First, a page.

All images © by Roberto Piperno, owner of the domain. Write to firstname.lastname@example.org. Text edited by Rosamie Moore.
Page revised in November 2010.
Casino al Pigneto del Marchese Sacchetti (Book 10) (Day 8) (View C1)
In this page:
The plate by Giuseppe Vasi
Monte dei Ciocci (Ciocchi)
The Plate (No. 183)
This 1760 etching by Giuseppe Vasi shows the first architectural work (1625-30) by Pietro da Cortona; the view was based on a drawing by the architect because when Vasi visited the site the roofs had collapsed, the staircases were barely identifiable in the rubble and the fountains were dry; Vasi added to the etching a technical drawing of the main fountain.
Pigneto means pinewood and the etching shows the casino surrounded by pine trees; its location was rather remote, at the end of Valle dell'Inferno, a depression between the Vatican and Monte Mario; its name means Hell's Valley, but it is a corruption of vallis infera (low valley).
The small late XIXth century map below shows; 1) site of Casino Sacchetti; 2) Monte dei Ciocci; 3) S. Pietro; 4) Villa Mellini (Monte Mario).
The development of modern Rome has not completely obliterated the countryside aspect of the area between the Vatican and the site of the former Casino Sacchetti; the ruins of the building were removed after 1861 when the property was bought by the Torlonia.
The Casino was commissioned by Giulio Sacchetti at the time of his appointment as cardinal as the possession of a countryside villa was regarded as necessary for a man in his new position; he also bought the palace named after him in via Giulia; this building had a garden along the river which was decorated with fountains in 1660; it is possible that the family lost interest in their remote villa and preferred to entertain their guests in the city palace. It seems that the casino was completely abandoned after the death in 1705 of Cardinal Urbano Sacchetti, nephew of Giulio.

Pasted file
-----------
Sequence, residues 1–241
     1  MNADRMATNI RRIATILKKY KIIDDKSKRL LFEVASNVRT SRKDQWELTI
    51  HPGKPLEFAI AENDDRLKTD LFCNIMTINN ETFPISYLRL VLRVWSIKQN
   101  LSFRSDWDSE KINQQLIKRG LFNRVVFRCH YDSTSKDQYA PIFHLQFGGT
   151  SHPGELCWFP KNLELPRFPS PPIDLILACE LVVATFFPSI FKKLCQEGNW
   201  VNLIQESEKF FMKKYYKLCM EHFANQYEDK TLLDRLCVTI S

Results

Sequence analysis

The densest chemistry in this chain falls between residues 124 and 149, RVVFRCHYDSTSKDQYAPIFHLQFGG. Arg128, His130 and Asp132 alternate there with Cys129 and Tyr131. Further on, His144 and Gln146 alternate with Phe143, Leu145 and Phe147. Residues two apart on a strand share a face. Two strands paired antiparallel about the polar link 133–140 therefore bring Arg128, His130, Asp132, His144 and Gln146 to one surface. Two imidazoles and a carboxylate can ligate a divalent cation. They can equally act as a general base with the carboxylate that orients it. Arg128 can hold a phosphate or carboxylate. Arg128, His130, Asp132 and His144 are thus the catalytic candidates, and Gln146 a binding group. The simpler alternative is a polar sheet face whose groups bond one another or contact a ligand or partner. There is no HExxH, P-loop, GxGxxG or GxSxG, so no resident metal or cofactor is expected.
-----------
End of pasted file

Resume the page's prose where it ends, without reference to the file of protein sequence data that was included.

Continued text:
In 1861 the vast property was bought by the Torlonia, who almost surrounded urban Rome with their possessions; they restored and placed their coats of arms on two existing buildings; one of them is falling apart, while the other was in recent years turned into the public library of a modern neighbourhood.
Monte dei Ciocci
The name of this small hill and of Casale Ciocci, a former farmhouse, are a corruption of Ciocchi (It. chi = kee; It. ci = tchee) del Monte, the family of Pope Julius III to whom the area belonged in the XVIIth century; the hill was spared intensive development because it houses an agricultural high school.
Excerpts from Giuseppe Vasi 1761 Itinerary related to this page:
Next plate in Book 10: Villa Madama fuori Porta Angelica
Next step in Day 8 itinerary: Chiesa di S. Maria del Rosario